14 Jan – Swiss guide Matthias Zurbriggen on a British expedition under Edward Fitzgerald made the first recorded ascent of Aconcagua, at 22,837 ft the highest mountain in South America, the Western Hemisphere and the Southern Hemisphere (1897).

18 Jan – American pilot Eugene B. Ely landed his Curtiss Pusher on the deck of the armored cruiser USS Pennsylania in San Francisco Bay, the first time that an aircraft landed on a ship (1911).

24 Jan – In England, Robert Baden-Powell organized the first Boy Scout troop (1908).

29 Jan – Ty Cobb, Babe Ruth, Walter Johnson, Christy Mathewson, and Honus Wagner are announced as the first inductees into the Baseball Hall of Fame (1936).

29 Jan – The first inductees into the Pro Football (American) Hall of Fame were announced, including Sammy Baugh, Bert Bell, Joseph Carr, Dutch Clark, Red Grange, George Halas, Mel Hein, Pete Henry, Cal Hubbard, Dot Hutson, Curly Lambeau, Tim Mara, George Preston Marshall, John “Blood” McNally, Bronko Nagurski, Ernie Nevers, and Jim Thorpe (1963).

2 Feb – Making a Living, Charlie Chaplin’s first movie, premiered (1914).

8 Feb – The last crew of the American space station Skylab returned to earth (1974).

11 Feb – James “Buster” Douglas, a 42 to 1 underdog, knocked out Mike Tyson in the World Heavyweight Boxing Championship in Tokyo (1990). It was considered the biggest upset in boxing history.

14 Feb – British explorer James Cook was killed by Hawaiian natives at Kealakekua Bay on the Big Island of Hawaii (1779).

18 Feb – The first official flight with air mail occurred from Allahabad, United Provinces, British India, when Henri Pequet, a 23-year-old pilot, delivered 6,500 letters to Naini, about 10 kilometres (6.2 mi) away (1911).

18 Feb – Gordon Haller won the first Ironman Triathlon competition, which took place on the island of Oahu (1978).

18 Feb – Seven-time NASCAR Sprint Cup Series champion Dale Earnhardt died in an accident during the Daytona 500 (2001).

21 Feb – NASCAR was incorporated (1948).

21 Feb – Pilot Steve Fossett landed in Leader, Saskatchewan, Canada becoming the first person to make a solo flight across the Pacific Ocean in a balloon (1995).

26 Feb – President Woodrow Wilson signed the Grand Canyon National Park Act, transforming the Grand Canyon National Monument proclaimed by Theodore Roosevelt into the 15th US National Park (1919).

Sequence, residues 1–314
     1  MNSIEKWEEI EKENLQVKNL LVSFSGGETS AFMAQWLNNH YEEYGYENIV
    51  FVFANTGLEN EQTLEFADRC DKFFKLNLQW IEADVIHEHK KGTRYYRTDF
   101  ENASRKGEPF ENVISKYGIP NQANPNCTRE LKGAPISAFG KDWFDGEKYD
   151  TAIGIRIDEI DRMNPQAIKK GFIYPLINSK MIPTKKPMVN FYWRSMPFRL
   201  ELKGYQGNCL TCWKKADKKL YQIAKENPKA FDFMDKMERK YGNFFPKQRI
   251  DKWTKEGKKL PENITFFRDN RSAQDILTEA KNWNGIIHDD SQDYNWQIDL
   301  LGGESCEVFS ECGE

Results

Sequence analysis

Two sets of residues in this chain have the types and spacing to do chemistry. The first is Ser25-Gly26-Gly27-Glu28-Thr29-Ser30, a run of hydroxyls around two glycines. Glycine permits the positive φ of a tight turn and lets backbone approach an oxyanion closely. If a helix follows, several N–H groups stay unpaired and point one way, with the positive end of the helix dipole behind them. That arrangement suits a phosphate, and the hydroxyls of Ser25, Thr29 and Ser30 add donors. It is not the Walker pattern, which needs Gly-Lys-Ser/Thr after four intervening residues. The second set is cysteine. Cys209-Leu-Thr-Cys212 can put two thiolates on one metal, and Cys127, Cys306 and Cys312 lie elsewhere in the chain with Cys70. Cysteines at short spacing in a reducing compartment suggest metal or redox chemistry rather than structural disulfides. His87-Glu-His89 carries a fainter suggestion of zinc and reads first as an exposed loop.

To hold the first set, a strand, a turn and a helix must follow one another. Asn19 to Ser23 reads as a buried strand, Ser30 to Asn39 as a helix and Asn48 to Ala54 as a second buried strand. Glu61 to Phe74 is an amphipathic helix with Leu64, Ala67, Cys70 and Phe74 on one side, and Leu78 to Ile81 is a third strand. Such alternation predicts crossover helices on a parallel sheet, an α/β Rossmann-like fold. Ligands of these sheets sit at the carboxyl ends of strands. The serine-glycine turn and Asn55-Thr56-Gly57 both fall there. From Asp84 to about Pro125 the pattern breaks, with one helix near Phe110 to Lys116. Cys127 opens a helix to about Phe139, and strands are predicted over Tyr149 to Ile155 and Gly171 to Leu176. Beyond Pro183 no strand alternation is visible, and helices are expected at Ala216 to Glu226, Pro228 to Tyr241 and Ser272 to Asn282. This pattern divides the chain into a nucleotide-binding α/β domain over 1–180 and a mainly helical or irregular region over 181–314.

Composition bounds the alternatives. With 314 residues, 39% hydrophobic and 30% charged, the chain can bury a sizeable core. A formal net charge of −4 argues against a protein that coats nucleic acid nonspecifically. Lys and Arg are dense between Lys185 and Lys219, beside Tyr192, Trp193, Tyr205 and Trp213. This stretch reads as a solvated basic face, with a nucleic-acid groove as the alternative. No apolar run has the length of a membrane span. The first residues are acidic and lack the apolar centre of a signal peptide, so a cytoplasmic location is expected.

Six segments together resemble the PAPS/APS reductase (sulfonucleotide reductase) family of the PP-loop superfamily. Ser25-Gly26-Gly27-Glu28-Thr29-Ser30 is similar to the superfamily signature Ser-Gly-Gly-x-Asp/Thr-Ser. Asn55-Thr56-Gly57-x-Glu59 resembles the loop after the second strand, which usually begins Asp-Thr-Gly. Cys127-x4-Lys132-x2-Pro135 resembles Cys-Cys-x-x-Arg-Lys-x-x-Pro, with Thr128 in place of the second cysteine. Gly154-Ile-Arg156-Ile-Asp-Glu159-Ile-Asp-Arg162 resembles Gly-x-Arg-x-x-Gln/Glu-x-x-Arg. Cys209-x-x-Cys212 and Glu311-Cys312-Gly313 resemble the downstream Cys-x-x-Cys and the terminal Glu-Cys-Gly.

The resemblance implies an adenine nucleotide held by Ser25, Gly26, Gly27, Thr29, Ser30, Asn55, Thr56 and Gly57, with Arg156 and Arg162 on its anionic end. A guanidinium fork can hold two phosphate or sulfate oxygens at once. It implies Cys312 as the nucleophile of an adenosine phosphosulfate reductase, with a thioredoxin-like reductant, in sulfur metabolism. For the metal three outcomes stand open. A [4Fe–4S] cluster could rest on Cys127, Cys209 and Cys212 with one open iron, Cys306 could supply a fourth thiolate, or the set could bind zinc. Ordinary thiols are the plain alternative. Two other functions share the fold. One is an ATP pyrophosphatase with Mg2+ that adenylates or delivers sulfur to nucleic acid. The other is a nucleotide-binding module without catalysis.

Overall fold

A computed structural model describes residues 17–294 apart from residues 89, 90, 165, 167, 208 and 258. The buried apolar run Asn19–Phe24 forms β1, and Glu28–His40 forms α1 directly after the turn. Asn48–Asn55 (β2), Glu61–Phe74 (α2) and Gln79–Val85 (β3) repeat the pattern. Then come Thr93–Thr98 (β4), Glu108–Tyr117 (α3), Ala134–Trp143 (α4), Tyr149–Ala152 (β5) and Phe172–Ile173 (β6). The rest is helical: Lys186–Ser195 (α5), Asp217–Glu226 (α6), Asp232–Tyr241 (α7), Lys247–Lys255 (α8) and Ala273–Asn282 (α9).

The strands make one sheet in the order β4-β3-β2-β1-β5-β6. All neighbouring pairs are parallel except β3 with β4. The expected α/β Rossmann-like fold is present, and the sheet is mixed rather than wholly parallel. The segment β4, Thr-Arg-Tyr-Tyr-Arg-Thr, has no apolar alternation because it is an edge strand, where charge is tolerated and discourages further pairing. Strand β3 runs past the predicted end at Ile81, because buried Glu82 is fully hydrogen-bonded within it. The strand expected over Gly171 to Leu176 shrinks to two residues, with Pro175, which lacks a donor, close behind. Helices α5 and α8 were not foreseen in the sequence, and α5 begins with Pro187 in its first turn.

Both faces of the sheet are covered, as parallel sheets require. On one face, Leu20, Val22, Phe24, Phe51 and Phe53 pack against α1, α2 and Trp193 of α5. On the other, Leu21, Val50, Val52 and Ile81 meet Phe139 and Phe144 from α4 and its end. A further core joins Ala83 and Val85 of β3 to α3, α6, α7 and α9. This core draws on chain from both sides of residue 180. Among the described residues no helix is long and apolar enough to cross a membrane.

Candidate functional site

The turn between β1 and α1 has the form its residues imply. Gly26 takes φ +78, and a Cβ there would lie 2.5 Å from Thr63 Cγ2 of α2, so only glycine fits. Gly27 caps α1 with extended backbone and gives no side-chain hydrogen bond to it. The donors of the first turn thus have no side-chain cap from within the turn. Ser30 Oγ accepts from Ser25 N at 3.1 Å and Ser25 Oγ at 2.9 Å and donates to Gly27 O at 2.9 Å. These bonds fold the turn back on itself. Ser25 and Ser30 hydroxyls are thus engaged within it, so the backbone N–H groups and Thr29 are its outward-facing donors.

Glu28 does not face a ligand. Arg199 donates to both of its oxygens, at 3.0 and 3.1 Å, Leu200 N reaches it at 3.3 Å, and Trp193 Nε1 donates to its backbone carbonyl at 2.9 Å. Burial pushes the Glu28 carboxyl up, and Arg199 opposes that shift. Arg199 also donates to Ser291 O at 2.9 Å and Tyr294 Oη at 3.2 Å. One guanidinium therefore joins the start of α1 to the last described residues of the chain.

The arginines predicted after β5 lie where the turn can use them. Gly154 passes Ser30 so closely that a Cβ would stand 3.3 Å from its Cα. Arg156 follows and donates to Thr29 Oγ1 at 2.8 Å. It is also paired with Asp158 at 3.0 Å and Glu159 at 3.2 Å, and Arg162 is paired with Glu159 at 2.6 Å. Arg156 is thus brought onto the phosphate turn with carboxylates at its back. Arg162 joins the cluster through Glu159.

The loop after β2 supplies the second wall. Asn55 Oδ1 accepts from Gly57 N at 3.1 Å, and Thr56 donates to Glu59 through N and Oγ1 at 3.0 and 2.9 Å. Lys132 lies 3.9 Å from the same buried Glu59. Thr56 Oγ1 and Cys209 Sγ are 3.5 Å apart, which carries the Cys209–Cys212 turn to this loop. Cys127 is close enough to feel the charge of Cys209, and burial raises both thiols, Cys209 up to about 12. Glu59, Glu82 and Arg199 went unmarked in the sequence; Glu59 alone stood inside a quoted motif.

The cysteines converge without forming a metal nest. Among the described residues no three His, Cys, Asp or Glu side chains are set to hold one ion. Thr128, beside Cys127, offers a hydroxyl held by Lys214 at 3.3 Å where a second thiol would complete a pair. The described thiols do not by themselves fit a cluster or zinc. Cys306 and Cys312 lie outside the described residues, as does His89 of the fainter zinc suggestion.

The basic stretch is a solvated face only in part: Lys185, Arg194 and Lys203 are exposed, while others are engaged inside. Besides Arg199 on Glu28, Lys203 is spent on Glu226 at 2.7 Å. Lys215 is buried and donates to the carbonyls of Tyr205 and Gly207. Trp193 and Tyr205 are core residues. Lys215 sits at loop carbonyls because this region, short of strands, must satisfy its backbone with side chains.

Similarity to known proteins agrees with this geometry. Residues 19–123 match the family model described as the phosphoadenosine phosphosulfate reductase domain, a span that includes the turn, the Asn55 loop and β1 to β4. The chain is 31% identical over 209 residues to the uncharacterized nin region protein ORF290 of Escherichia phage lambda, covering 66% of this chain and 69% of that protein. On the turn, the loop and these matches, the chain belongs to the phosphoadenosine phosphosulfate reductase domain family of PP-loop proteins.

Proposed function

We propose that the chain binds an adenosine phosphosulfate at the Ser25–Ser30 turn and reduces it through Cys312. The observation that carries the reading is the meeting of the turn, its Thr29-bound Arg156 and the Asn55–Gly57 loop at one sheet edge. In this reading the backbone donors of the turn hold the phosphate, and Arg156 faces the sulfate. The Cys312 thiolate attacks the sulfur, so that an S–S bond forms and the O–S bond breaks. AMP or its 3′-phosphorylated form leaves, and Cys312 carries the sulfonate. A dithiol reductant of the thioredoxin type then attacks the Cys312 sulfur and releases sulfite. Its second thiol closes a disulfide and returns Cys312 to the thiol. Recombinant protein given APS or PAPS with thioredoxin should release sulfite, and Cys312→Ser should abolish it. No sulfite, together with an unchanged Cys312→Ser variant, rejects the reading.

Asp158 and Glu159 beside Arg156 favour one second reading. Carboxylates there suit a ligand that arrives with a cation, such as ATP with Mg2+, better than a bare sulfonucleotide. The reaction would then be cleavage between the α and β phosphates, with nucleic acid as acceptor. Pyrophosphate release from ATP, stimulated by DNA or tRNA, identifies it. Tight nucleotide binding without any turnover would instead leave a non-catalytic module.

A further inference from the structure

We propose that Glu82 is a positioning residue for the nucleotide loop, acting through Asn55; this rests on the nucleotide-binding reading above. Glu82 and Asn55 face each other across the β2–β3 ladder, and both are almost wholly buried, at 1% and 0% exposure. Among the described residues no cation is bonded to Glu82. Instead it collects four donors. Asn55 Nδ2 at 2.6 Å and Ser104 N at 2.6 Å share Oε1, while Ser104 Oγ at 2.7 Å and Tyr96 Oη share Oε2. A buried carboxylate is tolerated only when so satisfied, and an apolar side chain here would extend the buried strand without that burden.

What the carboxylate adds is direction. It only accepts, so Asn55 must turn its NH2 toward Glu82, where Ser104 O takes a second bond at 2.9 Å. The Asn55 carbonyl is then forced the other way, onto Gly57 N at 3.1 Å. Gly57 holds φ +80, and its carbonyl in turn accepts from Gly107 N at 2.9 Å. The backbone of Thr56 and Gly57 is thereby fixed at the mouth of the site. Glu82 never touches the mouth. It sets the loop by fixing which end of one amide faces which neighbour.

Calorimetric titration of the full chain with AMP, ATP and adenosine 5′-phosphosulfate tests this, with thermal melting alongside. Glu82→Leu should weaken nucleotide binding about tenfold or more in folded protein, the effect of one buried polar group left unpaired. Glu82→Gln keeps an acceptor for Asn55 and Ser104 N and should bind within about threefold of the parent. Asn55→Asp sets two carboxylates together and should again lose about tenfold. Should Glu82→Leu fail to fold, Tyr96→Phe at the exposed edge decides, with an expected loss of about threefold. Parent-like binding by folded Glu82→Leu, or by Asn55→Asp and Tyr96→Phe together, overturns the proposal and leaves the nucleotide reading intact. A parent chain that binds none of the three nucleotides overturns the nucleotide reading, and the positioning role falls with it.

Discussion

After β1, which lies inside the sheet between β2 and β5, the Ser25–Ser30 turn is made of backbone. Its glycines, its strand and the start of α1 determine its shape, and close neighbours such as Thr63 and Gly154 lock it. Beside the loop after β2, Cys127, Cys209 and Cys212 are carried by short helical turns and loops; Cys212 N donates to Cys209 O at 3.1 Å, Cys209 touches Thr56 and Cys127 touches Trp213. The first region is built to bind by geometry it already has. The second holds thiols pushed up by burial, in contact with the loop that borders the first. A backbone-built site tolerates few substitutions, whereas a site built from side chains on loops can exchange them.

26 Feb – President Calvin Coolidge signed an Executive Order establishing the Grand Teton National Park, a 96,000 acre wilderness area in northwestern Wyoming (1929).

6 Mar – An SR-71 Blackbird piloted by Lt Col Joseph Vida and Lt Col Ed Yielding set an North American transcontinental speed record, flying from Los Angeles to Washington DC in 64 minutes at an average of 2144 miles per hour (1990).

19 Mar – Pool player Willie Mosconi pocketed 526 consecutive balls in a pool demonstration in Springfield, Ohio, setting a world record (1954).

31 Mar – Wrestlemania, the largest wrestling event in the World Wrestling Federation, began in Madison Square Garden (1985).

3 Apr – The first successful run of the Pony Express, from Saint Joseph, Missouri to Sacramento, California, began (1860).

19 Apr – Eighteen runners ran in the first Boston Marathon, the largest and oldest marathon in the world. John J. McDermott won it in 2:55:10 (1897).

24 Apr – Cosmonaut Vladimir Mikhaylovich Komarov became the first person to die in space exploration after his parachute failed to open during re-entry aboard Soyuz 1 (1967).

1 May – Moses Fleetwood Walker debuted as catcher for the Toledo Blue Stockings, the first African American to play Major League Baseball (1884).

14 May – The Lewis and Clark Expedition to explore the Louisiana Territory left St Louis, MO, under Captain Meriwether Lewis and his close friend Second Lieutenant William Clark (1804).

20 May – Charles Lindbergh in his monoplane, the Spirit of St. Louis, completed the first solo, nonstop flight across the Atlantic from New York to Paris in 33.5 hours (1927).

29 May – New Zealander Edmund Hillary and Tenzing Norgay, a Nepali Sherpa, made the first successful ascent of Mount Everest, at 29,029 ft the tallest mountain on earth (1953).

7 Jun – Hudson Stuck, Harry Karstens, Walter Harper and Robert Tatum completed the first verifiable summit of Mount McKinley, at 20,237 feet the tallest mountain in North America (1913).

12 Jun – In the first human powered flight across the English Channel, Bryan Allen flew the Gossamer Albatross 22 miles in 2 hours (1979).

19 Jun – The first official, recorded baseball game occurred near Hoboken, New Jersey, in which the New York Baseball Club beat the Knickerbockers 23-1 (1846).

27 Jun – Captain Joshua Slocum aboard the sloop Spray completed the first solo circumnavigation of the earth (24 April 1895 to 27 June 1898).

22 July – Wiley Post became the first person to fly solo around the world, accomplishing the feat in the Winnie Mae and flying 15,596 miles (25,099 km) in seven days, 18 hours and 45 minutes (1933).